T Cell Zone Resident Macrophages Silently Dispose of Apoptotic Cells in the Lymph Node
In lymph nodes (LNs), dendritic cells (DCs) are thought to dispose of apoptotic cells, a function pertaining to macrophages in other tissues. We found that a population of CX3CR1+ MERTK+ cells located in the T cell zone of LNs, previously identified as DCs, are efferocytic macrophages. Lineage-tracing experiments and shield chimeras indicated that these T zone macrophages (TZM) are long-lived macrophages seeded in utero and slowly replaced by blood monocytes after birth. Imaging the LNs of mice in which TZM and DCs express different fluorescent proteins revealed that TZM—and not DCs—act as the only professional scavengers, clearing apoptotic cells in the LN T cell zone in a CX3CR1-dependent manner. Furthermore, similar to other macrophages, TZM appear inefficient in priming CD4 T cells. Thus, efferocytosis and T cell activation in the LN are uncoupled processes designated to macrophages and DCs, respectively, with implications to the maintenance of immune homeostasis.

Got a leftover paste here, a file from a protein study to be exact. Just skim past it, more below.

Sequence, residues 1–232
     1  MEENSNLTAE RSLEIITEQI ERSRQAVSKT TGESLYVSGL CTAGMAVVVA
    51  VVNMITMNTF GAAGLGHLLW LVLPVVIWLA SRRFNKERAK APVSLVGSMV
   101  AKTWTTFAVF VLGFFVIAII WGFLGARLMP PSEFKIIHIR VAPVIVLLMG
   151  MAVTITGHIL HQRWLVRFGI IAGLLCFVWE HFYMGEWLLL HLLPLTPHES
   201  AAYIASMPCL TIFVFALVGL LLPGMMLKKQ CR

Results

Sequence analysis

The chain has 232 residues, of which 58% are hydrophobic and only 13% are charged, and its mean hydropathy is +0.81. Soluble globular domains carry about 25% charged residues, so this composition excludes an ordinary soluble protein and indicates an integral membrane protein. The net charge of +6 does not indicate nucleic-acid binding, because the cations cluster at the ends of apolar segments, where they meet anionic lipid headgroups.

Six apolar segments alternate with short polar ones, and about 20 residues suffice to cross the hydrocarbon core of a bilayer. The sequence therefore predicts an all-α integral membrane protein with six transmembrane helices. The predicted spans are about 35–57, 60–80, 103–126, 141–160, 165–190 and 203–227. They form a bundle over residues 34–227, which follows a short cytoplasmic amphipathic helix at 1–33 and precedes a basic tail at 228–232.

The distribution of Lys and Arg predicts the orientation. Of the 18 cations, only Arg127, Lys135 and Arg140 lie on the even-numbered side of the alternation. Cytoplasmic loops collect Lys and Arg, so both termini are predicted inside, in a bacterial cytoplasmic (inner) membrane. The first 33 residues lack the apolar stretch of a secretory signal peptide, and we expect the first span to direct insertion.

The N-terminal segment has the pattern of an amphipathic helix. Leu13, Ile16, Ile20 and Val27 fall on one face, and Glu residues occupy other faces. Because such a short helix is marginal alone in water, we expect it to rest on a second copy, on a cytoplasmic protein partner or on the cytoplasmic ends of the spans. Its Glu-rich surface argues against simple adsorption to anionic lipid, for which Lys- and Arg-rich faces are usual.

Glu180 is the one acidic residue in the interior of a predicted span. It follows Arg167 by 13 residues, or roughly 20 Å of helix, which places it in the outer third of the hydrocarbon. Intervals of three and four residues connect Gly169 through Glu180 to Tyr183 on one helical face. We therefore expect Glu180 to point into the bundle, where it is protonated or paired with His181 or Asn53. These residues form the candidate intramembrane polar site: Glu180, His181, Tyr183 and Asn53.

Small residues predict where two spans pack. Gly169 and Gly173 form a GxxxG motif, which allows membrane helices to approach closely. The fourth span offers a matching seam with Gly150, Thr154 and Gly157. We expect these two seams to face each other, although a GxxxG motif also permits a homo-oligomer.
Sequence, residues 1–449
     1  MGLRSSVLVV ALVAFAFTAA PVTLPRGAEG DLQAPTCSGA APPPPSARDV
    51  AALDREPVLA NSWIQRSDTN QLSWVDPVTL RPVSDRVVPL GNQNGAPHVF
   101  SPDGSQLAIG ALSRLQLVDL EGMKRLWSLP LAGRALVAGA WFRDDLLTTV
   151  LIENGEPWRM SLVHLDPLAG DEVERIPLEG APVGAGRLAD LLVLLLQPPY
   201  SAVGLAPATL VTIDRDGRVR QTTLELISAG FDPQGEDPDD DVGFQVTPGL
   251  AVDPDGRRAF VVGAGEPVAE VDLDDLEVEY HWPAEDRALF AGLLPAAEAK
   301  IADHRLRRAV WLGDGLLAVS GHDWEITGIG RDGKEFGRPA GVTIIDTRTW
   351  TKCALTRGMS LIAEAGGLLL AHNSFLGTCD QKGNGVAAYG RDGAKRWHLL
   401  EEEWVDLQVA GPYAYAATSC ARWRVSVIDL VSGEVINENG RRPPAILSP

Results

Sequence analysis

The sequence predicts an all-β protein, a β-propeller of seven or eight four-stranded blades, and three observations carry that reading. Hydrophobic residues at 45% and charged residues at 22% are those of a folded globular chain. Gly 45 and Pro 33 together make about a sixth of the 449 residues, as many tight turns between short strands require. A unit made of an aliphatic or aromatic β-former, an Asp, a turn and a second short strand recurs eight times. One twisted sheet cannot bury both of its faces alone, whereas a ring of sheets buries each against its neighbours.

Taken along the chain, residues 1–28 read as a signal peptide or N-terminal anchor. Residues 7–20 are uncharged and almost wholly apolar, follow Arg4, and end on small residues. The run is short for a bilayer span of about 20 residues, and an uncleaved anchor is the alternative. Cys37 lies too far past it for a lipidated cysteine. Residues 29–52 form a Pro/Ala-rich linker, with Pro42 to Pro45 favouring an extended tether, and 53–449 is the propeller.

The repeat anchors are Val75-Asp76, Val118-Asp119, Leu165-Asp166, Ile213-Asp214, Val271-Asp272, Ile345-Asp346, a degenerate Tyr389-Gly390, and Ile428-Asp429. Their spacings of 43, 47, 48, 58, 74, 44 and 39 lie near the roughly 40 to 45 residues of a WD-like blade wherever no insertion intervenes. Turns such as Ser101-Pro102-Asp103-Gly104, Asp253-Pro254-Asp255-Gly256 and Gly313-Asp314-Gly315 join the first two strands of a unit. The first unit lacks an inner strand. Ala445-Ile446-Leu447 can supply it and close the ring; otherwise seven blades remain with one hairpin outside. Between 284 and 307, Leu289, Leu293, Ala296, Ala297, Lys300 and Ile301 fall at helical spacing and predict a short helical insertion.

Dendritic cells (DCs) in the lymph node (LN) T cell zone are thought to be central to the clearance of apoptotic cells and T cell priming. Baratin et al. identify a population of LN macrophages that act as the sole professional scavengers in this area, suggesting that silent efferocytosis and T cell activation in the LN paracortex involve two different cell types—macrophages and DCs, respectively.